Properties are a way of exposing data fields of a class or an object to the outside world. They allow us to control the access and the validation of the data, as well as to implement logic when getting or setting the values. Properties are declared in the class block by specifying the access level of the field, followed by the type of the property, followed by the name of the property, and followed by a code block that declares a
get-accessor and/or a
set-accessor. For example:
public class Person
private string name; // the name field
public string Name // the Name property
name = value;
In this example, the
Name property exposes the
name field of the
Person class. The
get accessor returns the value of the field, and the
set accessor assigns a value to the field. The
value keyword represents the value that the property is assigned.
Sometimes, we may want to read the properties of an object without knowing its actual type at compile time. For example, we may have a method that returns an object of any type, and we want to access a specific property of that object. In this case, we can use either reflection or dynamic keyword to achieve this.
Reflection is a feature of C# that allows us to inspect and manipulate the metadata of types and objects at run time. We can use reflection to get the type of an object, and then use the
GetValue methods to get the property name and value of that object. For example:
object item = AnyFunction(...); // returns an object of any type
System.Reflection.PropertyInfo pi = item.GetType().GetProperty("name"); // get the property info of "name"
string name = (string)(pi.GetValue(item, null)); // get the value of "name" as a string
In this example, we use the
GetType method to get the type of the
item object, and then use the
GetProperty method to get the
PropertyInfo object of the
name property. Then, we use the
GetValue method to get the value of the
name property, and cast it to a string.
Reflection is a powerful feature, but it also has some drawbacks. It is relatively slow, as it involves a lot of run-time operations. It also requires us to know the exact name and type of the property we want to access, otherwise it may throw an exception or return null.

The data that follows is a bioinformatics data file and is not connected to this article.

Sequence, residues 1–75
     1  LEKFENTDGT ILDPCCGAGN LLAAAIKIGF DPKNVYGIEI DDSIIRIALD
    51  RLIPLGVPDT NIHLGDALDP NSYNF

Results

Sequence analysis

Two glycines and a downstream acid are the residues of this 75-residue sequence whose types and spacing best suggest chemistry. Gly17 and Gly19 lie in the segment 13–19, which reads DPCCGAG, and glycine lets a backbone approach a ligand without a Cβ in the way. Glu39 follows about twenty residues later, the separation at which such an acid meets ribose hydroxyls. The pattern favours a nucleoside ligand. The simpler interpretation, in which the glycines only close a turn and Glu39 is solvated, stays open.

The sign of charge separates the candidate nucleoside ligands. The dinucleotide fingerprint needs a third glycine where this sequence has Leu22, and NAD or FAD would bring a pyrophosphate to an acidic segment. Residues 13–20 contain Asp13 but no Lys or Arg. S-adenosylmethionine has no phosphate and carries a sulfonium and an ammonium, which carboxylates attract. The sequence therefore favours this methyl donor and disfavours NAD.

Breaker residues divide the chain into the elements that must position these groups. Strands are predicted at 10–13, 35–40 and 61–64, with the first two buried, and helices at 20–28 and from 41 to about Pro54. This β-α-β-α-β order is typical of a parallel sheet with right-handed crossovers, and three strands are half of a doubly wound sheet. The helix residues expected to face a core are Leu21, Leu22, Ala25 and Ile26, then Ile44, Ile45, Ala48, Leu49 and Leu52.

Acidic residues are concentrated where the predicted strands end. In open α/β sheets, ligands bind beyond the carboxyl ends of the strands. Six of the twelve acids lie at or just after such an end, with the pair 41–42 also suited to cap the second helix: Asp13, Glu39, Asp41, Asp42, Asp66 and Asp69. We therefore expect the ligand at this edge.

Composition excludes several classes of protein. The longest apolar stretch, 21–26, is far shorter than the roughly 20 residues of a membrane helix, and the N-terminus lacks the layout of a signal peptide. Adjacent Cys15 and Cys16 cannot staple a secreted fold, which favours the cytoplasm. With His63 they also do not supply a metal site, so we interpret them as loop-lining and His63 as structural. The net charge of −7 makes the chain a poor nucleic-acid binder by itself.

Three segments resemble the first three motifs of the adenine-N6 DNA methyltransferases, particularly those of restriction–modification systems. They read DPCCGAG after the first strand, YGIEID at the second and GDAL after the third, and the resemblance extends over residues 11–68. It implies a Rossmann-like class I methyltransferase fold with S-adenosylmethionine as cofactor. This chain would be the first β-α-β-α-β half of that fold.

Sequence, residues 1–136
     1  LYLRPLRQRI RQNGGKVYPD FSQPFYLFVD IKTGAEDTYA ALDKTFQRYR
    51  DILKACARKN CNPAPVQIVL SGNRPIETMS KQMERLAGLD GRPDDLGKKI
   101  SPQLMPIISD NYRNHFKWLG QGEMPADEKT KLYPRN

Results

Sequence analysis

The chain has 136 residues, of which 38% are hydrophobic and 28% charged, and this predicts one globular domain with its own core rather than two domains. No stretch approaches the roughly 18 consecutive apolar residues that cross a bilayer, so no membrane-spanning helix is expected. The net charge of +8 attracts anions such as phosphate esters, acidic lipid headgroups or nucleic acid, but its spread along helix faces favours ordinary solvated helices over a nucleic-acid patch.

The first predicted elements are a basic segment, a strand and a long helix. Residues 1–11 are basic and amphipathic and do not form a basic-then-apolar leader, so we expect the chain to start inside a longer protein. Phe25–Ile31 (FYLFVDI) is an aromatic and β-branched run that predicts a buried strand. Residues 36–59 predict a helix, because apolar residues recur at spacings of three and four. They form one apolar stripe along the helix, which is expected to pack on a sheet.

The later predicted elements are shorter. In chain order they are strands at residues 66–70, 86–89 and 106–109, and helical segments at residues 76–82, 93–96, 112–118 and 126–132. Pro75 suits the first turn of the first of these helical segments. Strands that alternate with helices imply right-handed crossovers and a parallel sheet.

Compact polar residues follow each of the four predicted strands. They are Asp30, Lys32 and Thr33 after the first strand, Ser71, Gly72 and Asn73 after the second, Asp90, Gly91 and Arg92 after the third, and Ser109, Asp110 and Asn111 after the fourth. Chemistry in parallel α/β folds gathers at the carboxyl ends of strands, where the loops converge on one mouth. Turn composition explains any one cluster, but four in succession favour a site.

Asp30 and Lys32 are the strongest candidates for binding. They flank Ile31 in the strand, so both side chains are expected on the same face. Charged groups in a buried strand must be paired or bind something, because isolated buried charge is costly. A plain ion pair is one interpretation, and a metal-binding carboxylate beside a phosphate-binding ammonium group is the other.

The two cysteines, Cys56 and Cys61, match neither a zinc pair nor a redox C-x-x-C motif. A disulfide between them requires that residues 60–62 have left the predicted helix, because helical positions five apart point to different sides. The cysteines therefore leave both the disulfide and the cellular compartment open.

Dynamic is a keyword in C# that allows us to bypass the static type checking of the compiler and resolve the type of an object at run time. We can use dynamic to declare a variable that can hold any type of object, and then use the dot notation to access its properties without any compile-time errors. For example:
dynamic item = AnyFunction(...); // returns an object of any type
string name = item.name; // get the value of "name" as a string
In this example, we use the
dynamic keyword to declare a variable that can hold any type of object, and then use the dot notation to access the
name property of that object. The compiler does not check the existence or the type of the
name property, and leaves it to the run time to resolve it.
Dynamic is a convenient feature, but it also has some drawbacks. It is less safe, as it may throw a run-time exception if the property does not exist or has a different type. It also relies on the Dynamic Language Runtime (DLR) to perform the run-time operations, which may have some performance overhead.
In this article, we have learned how to read the properties of an object in C# without knowing its actual type at compile time. We have seen two ways of doing this: reflection and dynamic. Both have their advantages and disadvantages, and we should choose the one that suits our needs and scenarios.